We now go with a second example where we are going to use the ANOVA table to reach definitive conclusions.
An experimental study was carried out to observe the dry matter yield in kg / ha with different contributions of N2 in the form of urea. The doses used were: 0 (as control doses), 75, 159, 126 and 300 Kg / ha and the study was carried out in different areas, in which different yields could be expected for climatic reasons. Importantly, the zones in this case acted as blocks.
The results obtained by treatment and by block are presented below:
The null hypothesis is stated as that there are no significant differences between the treatments, that is, that all the treatments are the same, while the alternative hypothesis, in contrast to the null hypothesis, is stated as that at least one of the treatments has significant differences with the rest or rather, not all treatments are the same.
Ho = t = ti
Ha = t ≠ ti
Applying the formula for the randomized complete block design we have:
Yij = µ + ti + ßj + Ԑij
The ANOVA table will be as follows:
Being “r” the number of repetitions, which in this case is equal to 4 (one for each block) and “t” the number of treatments that are 5.
We are going to find the elements that make up the sum of squares formula and show where they come from.
As we can observe:
Y.j = It is the sum of the treatments in each block
= Are the values of Y.j squared
Yi. = It is the sum of all the blocks for each treatment
= They are the values of Yi. squared
Y.. = It is the sum of all the treatments in each block with all the blocks in each treatment (it is underlined in yellow) and it is equivalent to the number of experimental units.
We are going to make the calculations of the sum of squares of both treatments and blocks, the experimental error and the totals, whose formulas come from the analysis of variance to be able to calculate the mean of the squares of the treatments and the experimental error. Once calculated, we can get to obtain F, which is a value that I can compare and will allow us to make a decision.
SSB = = 203319
SSTreat = = 4291444
SSEE= SSTotal-(SSTreat + SSB) = 4804480 – 4291444 – 203319 = 309717
MSTreat = = 1072861,08
MSEE = = 25809,7
F = = = 41,57
We are going to summarize the results of the analysis of variance in a table
We look for the critical value of F in tables where the numerator is the degree of freedom of the treatments = 3 and the denominator is the degree of freedom of the experimental error = 12
As we can see, according to the table the critical value of F = 3.49 with a significance level of 0.05 (which is the one usually used).
To make the decision, it is necessary to compare the obtained value of F with the critical value of F, if the value of F> critical value of F, the null hypothesis is rejected, in this case:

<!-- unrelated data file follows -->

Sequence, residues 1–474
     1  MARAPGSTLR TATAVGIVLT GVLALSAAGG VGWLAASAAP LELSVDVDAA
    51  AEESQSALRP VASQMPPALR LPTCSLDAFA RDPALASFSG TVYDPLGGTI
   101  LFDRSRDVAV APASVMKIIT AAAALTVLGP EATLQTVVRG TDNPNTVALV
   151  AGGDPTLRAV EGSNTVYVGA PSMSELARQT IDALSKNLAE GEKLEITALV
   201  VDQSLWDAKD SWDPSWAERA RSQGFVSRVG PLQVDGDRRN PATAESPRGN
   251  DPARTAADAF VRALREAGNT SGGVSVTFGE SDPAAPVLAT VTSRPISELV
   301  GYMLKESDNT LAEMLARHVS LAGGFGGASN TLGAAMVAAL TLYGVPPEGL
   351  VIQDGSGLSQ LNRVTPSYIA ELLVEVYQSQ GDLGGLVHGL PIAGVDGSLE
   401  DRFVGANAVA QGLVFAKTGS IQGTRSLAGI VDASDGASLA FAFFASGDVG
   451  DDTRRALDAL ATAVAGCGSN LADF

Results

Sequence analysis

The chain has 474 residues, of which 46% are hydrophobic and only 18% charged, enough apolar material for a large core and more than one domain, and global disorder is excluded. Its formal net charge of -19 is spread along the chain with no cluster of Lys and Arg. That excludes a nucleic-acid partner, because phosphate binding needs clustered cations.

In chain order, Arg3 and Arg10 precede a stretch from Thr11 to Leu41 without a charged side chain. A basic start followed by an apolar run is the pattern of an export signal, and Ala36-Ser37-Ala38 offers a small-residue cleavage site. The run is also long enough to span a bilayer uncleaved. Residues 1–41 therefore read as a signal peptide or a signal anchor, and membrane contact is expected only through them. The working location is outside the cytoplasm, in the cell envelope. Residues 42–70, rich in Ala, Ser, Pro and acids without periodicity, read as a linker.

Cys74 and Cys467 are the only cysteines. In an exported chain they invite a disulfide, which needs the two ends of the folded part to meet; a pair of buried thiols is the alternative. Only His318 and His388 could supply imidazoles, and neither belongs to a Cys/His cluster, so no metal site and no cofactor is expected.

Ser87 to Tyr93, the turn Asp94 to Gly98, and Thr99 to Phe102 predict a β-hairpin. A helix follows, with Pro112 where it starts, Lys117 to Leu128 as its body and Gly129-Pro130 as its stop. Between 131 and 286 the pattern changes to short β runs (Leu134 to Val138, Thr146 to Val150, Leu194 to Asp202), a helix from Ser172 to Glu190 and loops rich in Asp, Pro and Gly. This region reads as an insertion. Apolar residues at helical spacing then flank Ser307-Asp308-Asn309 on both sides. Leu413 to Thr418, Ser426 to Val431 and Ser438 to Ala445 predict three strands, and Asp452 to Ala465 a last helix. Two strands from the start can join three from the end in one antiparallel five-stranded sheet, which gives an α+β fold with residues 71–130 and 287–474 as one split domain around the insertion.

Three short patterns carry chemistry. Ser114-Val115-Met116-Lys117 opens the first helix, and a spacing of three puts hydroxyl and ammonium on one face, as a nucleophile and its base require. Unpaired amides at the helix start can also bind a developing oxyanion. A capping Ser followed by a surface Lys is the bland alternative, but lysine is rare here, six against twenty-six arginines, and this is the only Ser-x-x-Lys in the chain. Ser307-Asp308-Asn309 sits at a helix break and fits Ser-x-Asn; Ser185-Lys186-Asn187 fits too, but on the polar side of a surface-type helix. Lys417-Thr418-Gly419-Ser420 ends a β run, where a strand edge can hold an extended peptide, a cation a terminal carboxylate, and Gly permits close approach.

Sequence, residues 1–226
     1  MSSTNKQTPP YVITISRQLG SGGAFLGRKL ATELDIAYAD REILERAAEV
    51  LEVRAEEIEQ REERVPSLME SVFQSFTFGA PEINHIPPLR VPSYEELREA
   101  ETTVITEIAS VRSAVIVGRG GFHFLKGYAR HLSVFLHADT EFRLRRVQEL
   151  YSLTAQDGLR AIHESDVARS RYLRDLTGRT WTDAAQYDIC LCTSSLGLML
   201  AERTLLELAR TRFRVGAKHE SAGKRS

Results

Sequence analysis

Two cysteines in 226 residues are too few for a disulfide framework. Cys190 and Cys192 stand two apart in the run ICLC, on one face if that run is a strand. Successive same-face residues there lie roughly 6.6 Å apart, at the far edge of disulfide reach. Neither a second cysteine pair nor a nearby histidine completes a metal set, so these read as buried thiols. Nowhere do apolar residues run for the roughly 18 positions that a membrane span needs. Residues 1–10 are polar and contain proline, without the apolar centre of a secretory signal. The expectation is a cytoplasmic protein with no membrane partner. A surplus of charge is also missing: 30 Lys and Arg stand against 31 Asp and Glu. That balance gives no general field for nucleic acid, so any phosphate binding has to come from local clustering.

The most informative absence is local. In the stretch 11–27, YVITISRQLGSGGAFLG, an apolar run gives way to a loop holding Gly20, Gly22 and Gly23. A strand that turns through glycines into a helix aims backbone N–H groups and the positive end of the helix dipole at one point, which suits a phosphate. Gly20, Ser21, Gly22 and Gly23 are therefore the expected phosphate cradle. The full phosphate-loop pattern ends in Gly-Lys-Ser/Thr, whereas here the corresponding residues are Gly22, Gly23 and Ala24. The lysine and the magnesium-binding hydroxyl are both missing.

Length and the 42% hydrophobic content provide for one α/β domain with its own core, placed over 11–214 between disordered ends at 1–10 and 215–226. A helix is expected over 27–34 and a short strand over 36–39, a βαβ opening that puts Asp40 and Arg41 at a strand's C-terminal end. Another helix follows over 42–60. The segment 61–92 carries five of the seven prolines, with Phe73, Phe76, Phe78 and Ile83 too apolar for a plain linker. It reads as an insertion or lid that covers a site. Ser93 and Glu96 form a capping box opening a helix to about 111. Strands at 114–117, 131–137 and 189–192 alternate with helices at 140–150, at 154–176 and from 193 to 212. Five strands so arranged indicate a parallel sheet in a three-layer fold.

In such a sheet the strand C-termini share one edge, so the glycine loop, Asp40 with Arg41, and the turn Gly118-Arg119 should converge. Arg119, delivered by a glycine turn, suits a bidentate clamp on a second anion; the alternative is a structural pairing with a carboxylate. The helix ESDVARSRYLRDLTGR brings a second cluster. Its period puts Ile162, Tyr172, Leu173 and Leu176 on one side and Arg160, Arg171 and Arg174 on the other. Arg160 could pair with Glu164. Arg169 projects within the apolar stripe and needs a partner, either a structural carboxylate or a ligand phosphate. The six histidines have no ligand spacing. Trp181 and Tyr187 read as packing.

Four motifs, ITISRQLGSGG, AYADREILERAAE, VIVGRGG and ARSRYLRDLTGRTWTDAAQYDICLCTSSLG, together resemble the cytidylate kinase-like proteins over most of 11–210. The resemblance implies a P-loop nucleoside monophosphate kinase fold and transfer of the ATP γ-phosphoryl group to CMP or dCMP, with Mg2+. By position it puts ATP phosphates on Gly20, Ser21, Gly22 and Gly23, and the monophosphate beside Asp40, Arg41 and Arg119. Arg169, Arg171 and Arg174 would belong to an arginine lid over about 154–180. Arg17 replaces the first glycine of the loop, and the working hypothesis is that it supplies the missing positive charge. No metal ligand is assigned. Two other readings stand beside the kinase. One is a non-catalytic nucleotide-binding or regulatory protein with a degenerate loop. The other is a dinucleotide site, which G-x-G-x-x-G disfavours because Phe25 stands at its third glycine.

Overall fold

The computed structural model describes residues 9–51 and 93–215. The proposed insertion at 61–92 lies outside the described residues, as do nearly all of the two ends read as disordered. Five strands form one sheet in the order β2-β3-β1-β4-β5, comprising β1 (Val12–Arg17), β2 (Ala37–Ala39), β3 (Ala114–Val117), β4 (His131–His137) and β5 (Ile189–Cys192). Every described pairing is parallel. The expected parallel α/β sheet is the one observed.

This implies that the null hypothesis is rejected and therefore the alternative hypothesis is validated
Conclusions: According to the calculations, there is sufficient evidence that indicates a significant difference in terms of the yield of dry matter in at least one of the treatments, so it is recommended to evaluate which or which of the treatments are the ones that are presenting significant differences.
Other random block designs
Regarding the randomized block design, there are other types of designs, in addition to the completely randomized block design, where each treatment is applied in each block only once, it is important to mention that there is also the generalized randomized block design, where at As in the previous design, all treatments appear in each block, but in this design they can occur more than once.
It should be noted that there is also the incomplete block design, which is characterized in that not all treatments occur in each block and these in turn can be classified into:
- Balanced incomplete block design
- Partially balanced incomplete block design
- Incomplete block design with balanced treatment
- Latice design
- Extended block design: when each block has the same number of experimental units and is also greater than the number of treatments.
- Trend Free block design.
Generalized Randomized Block Design
This type of design is considered as an extension of the randomized complete block design and its difference with the previous one is that treatments are repeated in the same block, while in the previous design, the treatments occur only once per block.
It is also used when a disturbing factor is detected in the experimental units, but it is also applied when a treatment block interaction cannot be considered.
Advantages of this design
In addition to having all the advantages that the randomized complete block design has, it has the advantage that it is not required to have an independence between blocks and treatments.
In the same way as the advantages, this design has the same disadvantages as the randomized complete block design, but also has an alternative restriction, which is that the number of repetitions within each block of the different treatments must be the same for all blocks, since otherwise, we could be within what is considered an unbalanced complete block design.
The model in this case is defined as:
Yijk = μ + ti + βj + TBij + Eijk
Yijk = this value corresponds to the i-th treatment of the j-th block that belongs to the k-th observation
μ = It is the general average that is common to all observations
ti = It is the effect produced by the i-th treatment
βj = Is the effect produced by the j-th block
TBij = The effect produced by the interaction of the block per treatment
Eijk = The experimental error